Guanabara Bay

Rio water quality to be boosted by new project

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The water quality in a marina where Rio Olympic sailing events will be held will be upgraded with a new yearlong project, officials announced Tuesday.

A .62-mile pipeline will be built by Rio’s state government as part of a $6.2 million plan, according to The Associated Press.

“One hundred percent of the [cleanup] promises relating to the sites where the sailing competition is to be held will be kept a year before the Olympics,” a Rio official said, according to the AP. “It is the best backdrop for sailing in the history of the Olympics.”

Sailors took part in the first Olympic test event for any sport in August in Rio’s Guanabara Bay, site of the 2016 Olympic sailing events.

The 2016 Olympic sailing venue is contaminated with sewage, but American sailors’ training in the bay wasn’t hindered going into the test event, U.S. Olympic Sailing managing director Josh Adams said.

Adams said then that the worst-case conditions of Guanabara Bay that have largely been reported on are in an area of the bay that wouldn’t be used for competition at the test event or the Olympics.

US Sailing and the U.S. Olympic Committee commissioned water tests on different areas of the bay in the spring. They received results from those tests before the test event and planned accordingly.

No Zika cases from Olympics, WHO says

RIO DE JANEIRO, BRAZIL - NOVEMBER 12:  An aerial view of the Christ The Redeemer statue (F) and the Maracana Stadium (B) on November 12, 2013 in Rio de Janeiro, Brazil.  (Photo by Buda Mendes/Getty Images)
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There have been zero Zika virus cases stemming from the Rio Olympics, the World Health Organization said Thursday.

“From the reports WHO received from national health authorities, there have so far been no laboratory confirmed cases of Zika virus in anyone associated with the Olympics,” the organization said in an online update Thursday.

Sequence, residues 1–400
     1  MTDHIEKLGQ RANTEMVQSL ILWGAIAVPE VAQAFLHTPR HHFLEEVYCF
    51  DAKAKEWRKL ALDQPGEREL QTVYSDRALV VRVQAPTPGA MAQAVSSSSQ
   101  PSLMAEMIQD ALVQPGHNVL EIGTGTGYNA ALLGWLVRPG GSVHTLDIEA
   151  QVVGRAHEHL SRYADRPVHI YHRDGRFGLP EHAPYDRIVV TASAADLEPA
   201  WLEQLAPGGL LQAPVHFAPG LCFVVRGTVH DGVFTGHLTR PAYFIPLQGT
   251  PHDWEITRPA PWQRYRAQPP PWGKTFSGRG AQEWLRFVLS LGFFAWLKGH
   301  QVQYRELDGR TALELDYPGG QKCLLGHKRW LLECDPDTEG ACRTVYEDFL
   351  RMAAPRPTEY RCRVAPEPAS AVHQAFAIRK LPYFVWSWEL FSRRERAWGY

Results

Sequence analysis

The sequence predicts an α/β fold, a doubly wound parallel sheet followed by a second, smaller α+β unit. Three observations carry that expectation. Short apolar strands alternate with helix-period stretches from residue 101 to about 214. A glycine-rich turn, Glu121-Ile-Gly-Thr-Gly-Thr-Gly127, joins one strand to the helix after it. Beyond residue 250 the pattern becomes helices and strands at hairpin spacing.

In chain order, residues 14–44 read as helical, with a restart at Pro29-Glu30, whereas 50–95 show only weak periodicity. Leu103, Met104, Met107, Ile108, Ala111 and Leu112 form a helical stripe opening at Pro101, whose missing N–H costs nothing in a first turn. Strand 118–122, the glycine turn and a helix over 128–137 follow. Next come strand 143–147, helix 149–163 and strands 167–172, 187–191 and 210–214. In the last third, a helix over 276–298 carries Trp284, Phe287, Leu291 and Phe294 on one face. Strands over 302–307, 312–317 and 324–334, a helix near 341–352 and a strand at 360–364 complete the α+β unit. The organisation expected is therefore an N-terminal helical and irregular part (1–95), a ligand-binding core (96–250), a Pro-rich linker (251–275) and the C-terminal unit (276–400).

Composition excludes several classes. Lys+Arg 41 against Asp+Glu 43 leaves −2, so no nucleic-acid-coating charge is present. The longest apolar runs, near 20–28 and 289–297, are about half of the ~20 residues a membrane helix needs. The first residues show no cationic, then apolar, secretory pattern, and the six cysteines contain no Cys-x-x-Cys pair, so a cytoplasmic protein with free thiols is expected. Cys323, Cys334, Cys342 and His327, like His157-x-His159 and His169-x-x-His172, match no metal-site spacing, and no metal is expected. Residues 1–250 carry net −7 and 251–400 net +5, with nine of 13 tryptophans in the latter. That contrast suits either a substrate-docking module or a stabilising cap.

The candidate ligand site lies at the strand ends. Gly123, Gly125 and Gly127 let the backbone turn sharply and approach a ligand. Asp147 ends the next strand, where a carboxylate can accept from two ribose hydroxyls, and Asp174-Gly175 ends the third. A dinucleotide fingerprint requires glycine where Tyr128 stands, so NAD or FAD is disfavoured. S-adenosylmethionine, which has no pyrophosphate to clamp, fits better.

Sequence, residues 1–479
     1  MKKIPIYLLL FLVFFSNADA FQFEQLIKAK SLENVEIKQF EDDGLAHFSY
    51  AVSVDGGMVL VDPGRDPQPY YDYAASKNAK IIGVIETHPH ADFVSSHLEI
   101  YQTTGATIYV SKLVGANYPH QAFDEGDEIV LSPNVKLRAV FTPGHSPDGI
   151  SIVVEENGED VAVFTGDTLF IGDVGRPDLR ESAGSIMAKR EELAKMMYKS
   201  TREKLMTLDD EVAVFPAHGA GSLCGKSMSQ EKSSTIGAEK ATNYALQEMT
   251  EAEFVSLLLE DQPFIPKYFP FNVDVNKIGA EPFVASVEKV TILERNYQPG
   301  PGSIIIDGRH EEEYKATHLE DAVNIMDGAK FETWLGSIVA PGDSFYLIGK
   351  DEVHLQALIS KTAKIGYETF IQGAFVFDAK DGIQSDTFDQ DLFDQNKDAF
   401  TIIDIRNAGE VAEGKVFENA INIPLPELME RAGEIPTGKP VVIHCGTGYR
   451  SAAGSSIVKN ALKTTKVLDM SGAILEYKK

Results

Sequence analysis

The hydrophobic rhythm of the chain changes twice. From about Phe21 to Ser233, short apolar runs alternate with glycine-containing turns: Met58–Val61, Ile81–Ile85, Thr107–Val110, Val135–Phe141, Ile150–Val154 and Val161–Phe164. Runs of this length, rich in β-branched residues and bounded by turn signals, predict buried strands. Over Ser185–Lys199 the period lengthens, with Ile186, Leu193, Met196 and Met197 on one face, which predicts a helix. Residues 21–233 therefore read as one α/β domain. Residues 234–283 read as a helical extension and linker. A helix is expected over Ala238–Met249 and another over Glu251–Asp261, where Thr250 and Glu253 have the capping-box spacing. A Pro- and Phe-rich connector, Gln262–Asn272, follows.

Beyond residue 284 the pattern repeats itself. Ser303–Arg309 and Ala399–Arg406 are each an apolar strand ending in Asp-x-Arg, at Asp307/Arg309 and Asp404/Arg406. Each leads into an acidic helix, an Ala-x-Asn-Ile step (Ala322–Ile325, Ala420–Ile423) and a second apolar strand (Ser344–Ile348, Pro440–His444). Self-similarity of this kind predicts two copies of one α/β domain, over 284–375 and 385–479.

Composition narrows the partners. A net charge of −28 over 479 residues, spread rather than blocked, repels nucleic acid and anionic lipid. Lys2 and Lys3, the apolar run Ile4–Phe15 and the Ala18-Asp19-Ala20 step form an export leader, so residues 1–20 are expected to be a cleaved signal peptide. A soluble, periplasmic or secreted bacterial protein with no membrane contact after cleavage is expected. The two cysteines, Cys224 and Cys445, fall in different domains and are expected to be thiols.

Earlier this summer, several athletes cited Zika concerns in skipping the Olympics.

The World Health Organization said before the Rio Games that the Olympics posed “a very low risk” of accelerating the Zika virus spread around the world.

Thousands of athletes will come to Rio for the Paralympics that run from Sept. 7-18, which is still during Brazil’s winter, lessening the Zika risk.

MORE: Hope Solo banned 6 months after Olympic comments

Devon Allen weighs turning pro in track and field

Devon Allen
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University of Oregon hurdler and wide receiver Devon Allen said he “thinks” he’s turning pro in track, but also said he hasn’t really decided if his NCAA track career is finished Thursday.

“There’s not really much more I can do in college track other than break the collegiate record,” Allen said.

Allen, a University of Oregon junior, finished fifth in the Rio Olympic 110m hurdles on Aug. 16 after winning the Olympic Trials on July 9.

Allen can turn pro in track and field and still play football for the Ducks, so long as he keeps his track and field profits to prize money and not endorsement deals.

He’s definitely planning on playing for Oregon’s football team this season, perhaps even in the season opener Sept. 3.

As for track season next winter and spring, that’s looking unlikely. Allen noted that he has won NCAA individual and team titles.

The only missing piece is the NCAA record of 13.00 set by former world-record holder Renaldo Nehemiah. Allen’s personal best is 13.03.

It’s clear that Allen would like to be a professional in both track and football.

“The NFL is something I’ve been dreaming about doing, just like I dreamed about running in the Olympics,” said Allen, who caught nine passes for 94 yards last season, coming back from tearing knee ligaments in the Rose Bowl. “I kind of accomplished that Olympic dream, obviously, in four years, I want to win a gold medal, so that’s one more step to that dream. Now my next dream is to play in the NFL.”

VIDEO: Top track and field moments from Rio Olympics